I must confess: I am a map junkie. I can stare at a map for hours on end. I do it to find possible hikes or runs, bikes or drives. I do it to jog my memory of Place. I do it to virtually travel to new landscapes I’ve never visited and maybe never will. I do it knowing full well that a map can never live up to the place it depicts, that the cartographer imposes a linear, two-dimensionality onto a curvy, three-dimensional world.
I’m fond of all sorts of maps, from tattered topos to high-definitition satellite images to Rand McNally road atlases. But I’m most enamored with older maps, ones from the early days of European and white settlement in the Western U.S. and, especially, the Four Corners region. They provide a sort of snapshot of that moment in time, revealing how the colonizers (usually they and the mapmakers are one and the same) saw or understood (or failed to understand) the landscape. Even the blank spaces, sometimes labeled “UNEXPLORED,” reveal something about the Place: It was too remote, too rugged, too dangerous, too lacking in natural resources to risk sending the surveyors or mappers or settlers in there.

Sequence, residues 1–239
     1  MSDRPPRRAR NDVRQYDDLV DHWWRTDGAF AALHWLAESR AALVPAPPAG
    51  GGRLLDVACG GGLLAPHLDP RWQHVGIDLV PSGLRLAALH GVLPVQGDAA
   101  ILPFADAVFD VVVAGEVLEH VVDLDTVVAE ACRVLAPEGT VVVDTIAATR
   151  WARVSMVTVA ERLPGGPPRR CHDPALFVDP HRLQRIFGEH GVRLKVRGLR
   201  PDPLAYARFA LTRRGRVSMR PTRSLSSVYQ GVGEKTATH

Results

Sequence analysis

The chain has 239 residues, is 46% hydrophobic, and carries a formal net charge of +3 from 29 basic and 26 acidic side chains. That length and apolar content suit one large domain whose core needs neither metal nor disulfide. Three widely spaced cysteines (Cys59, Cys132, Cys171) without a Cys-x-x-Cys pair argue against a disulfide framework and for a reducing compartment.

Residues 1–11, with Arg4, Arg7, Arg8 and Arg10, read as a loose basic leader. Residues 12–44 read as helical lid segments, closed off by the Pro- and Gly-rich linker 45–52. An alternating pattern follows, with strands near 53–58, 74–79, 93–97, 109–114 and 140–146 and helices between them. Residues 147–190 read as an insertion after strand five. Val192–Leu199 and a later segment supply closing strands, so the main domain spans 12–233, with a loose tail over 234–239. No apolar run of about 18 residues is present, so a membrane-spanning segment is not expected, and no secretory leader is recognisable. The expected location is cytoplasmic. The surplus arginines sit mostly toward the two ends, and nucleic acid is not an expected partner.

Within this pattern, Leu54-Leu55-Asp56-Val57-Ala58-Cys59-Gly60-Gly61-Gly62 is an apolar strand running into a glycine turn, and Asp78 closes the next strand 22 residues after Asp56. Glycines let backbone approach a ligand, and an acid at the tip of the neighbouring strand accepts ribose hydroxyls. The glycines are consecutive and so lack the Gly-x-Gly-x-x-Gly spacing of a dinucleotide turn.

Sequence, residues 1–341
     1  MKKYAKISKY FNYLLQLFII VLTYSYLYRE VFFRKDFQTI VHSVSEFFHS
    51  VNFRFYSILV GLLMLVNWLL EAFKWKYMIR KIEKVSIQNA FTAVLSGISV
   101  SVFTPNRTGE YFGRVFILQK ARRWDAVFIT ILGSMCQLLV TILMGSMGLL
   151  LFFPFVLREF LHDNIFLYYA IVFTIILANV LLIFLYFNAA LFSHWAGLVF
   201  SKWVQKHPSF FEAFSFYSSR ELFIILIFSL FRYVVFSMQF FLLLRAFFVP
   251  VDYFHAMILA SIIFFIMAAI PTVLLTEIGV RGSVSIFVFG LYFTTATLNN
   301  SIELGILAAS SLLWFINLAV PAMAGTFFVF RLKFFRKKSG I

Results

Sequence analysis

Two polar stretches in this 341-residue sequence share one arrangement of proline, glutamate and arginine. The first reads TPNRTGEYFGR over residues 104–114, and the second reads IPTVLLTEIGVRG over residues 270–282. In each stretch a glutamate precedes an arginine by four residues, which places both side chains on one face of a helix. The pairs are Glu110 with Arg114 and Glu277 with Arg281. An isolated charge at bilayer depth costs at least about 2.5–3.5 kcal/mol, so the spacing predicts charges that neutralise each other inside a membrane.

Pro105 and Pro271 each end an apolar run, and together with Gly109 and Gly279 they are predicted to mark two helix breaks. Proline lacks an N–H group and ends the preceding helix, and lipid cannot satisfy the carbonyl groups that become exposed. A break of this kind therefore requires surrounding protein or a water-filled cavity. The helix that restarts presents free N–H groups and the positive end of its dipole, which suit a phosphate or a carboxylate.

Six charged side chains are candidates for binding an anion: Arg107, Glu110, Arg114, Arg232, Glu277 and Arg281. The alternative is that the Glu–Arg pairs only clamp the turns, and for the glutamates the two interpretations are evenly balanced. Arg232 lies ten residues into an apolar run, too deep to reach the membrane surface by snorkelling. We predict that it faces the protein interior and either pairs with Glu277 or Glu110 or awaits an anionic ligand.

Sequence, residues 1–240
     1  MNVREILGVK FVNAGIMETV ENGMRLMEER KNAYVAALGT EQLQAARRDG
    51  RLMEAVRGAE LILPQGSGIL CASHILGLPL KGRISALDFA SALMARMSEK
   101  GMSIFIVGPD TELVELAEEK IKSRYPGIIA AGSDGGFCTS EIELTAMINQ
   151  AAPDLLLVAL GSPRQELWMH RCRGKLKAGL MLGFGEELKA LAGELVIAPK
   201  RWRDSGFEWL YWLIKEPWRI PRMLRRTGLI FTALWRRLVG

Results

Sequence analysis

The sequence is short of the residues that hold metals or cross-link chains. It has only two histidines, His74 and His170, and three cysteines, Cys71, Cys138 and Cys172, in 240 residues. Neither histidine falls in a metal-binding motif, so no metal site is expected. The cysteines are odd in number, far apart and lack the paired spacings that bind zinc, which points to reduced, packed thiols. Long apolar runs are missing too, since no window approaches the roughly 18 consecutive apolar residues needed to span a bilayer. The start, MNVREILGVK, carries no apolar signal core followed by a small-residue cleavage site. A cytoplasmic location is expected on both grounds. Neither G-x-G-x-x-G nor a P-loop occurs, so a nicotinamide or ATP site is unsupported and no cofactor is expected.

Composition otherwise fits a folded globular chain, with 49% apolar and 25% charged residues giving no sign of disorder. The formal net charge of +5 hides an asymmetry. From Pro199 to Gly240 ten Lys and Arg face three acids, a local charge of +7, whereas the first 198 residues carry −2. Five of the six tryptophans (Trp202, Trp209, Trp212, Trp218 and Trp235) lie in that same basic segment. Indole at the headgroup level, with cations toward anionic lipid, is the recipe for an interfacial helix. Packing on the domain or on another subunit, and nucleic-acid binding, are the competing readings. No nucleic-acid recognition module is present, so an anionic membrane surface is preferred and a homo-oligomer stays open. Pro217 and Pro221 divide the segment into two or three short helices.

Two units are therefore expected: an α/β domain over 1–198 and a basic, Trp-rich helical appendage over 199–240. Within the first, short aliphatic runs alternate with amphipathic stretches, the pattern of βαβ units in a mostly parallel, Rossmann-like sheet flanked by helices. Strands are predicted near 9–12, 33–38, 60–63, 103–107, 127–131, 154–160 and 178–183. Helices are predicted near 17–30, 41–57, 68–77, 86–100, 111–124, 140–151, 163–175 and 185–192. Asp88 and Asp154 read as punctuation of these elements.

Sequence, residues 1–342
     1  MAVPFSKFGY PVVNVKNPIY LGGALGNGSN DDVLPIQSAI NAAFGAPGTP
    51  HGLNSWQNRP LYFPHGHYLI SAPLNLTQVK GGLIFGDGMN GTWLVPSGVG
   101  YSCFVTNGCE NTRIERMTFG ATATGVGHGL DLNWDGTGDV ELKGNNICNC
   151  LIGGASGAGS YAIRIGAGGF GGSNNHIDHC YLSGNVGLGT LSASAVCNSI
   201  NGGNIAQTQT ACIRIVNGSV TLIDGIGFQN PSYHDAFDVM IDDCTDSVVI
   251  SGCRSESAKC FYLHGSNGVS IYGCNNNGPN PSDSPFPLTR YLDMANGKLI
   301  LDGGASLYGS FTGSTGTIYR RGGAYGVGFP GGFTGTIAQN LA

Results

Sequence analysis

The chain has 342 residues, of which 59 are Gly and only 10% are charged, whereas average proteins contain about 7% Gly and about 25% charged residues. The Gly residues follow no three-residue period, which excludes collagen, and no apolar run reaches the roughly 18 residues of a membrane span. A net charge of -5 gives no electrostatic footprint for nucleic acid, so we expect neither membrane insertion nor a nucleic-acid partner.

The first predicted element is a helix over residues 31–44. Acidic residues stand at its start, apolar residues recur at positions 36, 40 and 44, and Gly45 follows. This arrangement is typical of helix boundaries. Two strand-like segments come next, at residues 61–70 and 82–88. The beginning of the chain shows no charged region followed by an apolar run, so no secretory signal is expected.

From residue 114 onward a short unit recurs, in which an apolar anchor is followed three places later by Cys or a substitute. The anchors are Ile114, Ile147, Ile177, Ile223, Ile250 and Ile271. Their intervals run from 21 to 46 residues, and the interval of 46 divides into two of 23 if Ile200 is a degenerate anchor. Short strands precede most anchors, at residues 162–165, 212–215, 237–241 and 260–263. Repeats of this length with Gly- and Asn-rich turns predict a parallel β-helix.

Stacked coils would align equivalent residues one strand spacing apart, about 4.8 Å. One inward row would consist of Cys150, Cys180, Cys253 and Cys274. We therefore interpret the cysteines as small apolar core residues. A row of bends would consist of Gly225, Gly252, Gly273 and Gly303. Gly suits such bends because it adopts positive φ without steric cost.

Today’s map, seen in its entirety above, is titled: “Old Territory and Military Department of New Mexico, compiled … chiefly for military purposes under the Secretary of War 1859.” It was partially revised and corrected to 1867. I’ve zoomed in on specific portions of the map below to help us all focus on some of the map’s idiosyncrasies. If the images are too small in your email browser, then go to the post at LandDesk.org, click on the image, and zoom in.
I’d love to hear what stands out about this map for you. Do you recognize springs or certain places? Do you see things on the map that no longer exist? Anything surprise you about what the cartographer knew or didn’t know back then? Put your thoughts in the comment section below!